Daily Event for June 4, 2005

June 4, 1944 the U-505 was captured by US Navy ships off the coast of Africa. This was the first enemy ship captured by the U. S. Navy since the war of 1812. The U-505 was a type IXc built by Deutsche Werft AG, Hamburg. Launched on May 29, 1941 and commissioned into the Kriegsmarine on Aug. 26, 1941. The U-505 had four commanders, Axel-Olaf Loewe, Peter Zschech, Paul Meyer and Harold Lange. Peter Zschech committed suicide in the U-505 while being attacked by depth charges Oct. 24, 1943. This is the only known instance of this happening in the entire U-boat fleet. During her 12 patrols the U-505 sank 8 ships for a total of 44,962 tons. The largest being the Norwegian tanker Sydhav at 7,587 tons.

One crewman, Gottfried Fischer, was killed in the attack the other 58 were taken prisoner by the US Navy. Because of the top secret nature of the capture, the POW's were kept separate from all other POW's. The U.S. did not want the Germans to find out that the U-505 had actually been captured. The navy recovered 2 enigma machines and the code books. If the Germans had learned the boat was not sunk they might have changed the codes and lengthened the war. Fortunately it was not until after the war that the information was released. The German navy even sent out letters of condolence to the families of the crew believing she had sunk.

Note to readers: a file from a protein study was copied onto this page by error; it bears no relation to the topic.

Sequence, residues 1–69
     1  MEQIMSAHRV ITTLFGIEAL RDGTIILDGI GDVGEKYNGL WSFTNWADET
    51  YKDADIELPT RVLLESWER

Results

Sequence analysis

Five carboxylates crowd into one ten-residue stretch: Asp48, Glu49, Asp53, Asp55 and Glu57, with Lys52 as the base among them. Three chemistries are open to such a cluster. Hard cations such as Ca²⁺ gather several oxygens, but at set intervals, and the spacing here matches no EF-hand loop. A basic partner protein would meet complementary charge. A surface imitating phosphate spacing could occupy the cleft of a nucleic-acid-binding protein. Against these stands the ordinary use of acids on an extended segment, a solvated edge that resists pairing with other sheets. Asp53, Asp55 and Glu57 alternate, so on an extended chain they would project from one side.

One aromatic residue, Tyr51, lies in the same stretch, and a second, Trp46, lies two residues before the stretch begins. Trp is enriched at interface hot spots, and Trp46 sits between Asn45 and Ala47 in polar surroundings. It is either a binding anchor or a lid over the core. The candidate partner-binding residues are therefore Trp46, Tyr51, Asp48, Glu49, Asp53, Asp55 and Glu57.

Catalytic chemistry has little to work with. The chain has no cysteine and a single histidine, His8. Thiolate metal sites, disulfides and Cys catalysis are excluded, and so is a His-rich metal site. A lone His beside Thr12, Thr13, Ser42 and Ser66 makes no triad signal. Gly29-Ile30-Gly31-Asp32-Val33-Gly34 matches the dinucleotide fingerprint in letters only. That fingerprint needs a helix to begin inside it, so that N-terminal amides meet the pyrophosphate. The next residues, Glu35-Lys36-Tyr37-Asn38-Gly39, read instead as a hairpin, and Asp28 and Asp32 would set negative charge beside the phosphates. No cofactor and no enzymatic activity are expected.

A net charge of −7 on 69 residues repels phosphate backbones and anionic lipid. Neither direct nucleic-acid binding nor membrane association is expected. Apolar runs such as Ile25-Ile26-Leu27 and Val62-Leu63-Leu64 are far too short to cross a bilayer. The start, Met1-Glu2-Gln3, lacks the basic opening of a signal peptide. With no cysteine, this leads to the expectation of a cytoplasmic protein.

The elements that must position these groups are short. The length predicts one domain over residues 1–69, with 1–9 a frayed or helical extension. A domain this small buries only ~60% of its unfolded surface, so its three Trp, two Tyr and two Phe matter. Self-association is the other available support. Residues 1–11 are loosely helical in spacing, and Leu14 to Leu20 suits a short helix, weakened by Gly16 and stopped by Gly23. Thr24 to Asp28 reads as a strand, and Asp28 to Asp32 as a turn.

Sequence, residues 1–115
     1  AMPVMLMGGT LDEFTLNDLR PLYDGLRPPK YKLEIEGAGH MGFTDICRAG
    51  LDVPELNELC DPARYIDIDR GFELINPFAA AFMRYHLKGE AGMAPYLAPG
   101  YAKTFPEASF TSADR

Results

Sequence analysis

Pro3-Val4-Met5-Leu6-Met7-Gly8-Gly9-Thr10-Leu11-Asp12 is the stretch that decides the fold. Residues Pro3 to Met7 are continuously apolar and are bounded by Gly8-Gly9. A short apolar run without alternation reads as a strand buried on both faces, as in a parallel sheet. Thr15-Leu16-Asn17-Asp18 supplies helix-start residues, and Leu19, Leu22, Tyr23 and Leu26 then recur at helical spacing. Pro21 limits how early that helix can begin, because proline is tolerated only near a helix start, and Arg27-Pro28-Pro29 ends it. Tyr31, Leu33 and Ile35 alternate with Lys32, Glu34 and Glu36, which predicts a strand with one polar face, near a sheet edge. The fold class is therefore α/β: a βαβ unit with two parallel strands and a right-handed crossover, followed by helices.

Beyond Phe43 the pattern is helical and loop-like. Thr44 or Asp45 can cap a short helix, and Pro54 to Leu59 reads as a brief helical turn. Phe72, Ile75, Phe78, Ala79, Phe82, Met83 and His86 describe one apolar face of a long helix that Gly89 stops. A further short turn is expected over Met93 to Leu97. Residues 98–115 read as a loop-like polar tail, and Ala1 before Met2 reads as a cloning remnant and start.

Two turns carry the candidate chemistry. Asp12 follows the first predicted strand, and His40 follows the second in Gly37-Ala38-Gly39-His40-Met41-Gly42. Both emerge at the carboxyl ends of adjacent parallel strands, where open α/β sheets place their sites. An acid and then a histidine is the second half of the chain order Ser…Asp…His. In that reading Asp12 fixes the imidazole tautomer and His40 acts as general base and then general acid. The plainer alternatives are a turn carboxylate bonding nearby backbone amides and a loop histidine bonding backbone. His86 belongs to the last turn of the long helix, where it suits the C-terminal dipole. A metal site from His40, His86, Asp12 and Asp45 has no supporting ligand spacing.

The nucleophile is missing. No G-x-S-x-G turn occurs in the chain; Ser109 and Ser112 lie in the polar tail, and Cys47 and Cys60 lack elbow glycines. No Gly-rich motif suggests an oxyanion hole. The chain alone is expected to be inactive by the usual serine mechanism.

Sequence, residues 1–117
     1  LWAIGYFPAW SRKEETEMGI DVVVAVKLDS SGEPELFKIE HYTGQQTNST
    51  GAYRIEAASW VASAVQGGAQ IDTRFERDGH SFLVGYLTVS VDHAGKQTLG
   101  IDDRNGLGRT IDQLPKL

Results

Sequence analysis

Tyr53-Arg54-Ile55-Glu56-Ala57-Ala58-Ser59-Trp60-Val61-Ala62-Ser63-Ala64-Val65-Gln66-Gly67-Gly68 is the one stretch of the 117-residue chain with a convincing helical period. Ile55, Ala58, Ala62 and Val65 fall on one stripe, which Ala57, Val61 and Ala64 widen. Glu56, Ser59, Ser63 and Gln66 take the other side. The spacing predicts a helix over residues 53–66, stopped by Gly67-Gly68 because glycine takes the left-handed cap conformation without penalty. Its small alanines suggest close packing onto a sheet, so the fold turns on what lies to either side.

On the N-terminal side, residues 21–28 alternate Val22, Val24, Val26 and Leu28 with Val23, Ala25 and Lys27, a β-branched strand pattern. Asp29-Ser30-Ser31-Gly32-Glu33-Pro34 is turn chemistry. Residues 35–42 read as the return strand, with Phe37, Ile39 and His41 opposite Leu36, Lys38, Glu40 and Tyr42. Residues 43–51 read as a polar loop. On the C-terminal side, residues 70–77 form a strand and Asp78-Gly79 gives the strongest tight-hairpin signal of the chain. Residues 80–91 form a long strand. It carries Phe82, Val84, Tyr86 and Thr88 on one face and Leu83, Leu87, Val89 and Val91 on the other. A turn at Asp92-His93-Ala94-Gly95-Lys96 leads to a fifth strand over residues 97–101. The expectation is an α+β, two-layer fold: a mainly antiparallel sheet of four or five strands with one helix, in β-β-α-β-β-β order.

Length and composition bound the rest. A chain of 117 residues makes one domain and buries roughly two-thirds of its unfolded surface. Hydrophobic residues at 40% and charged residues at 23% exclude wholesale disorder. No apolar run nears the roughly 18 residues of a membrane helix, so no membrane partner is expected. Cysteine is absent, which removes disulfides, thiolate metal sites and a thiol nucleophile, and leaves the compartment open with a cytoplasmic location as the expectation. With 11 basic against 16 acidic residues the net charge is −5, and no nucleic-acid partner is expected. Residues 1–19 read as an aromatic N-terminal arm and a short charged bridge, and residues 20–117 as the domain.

The U-505 is on display in Chicago, Illinois at the Museum of Science and Industry. It has recently been moved into a new indoor facility to preserve it forever. The new exhibit opens tomorrow. I have been fortunate enough to have visited this U-boat several times since I was a kid. The last time I was there was over 10 years ago. It was always a fascinating tour and I recommend it to anyone who can get there.

© 2005 Michael W. Pocock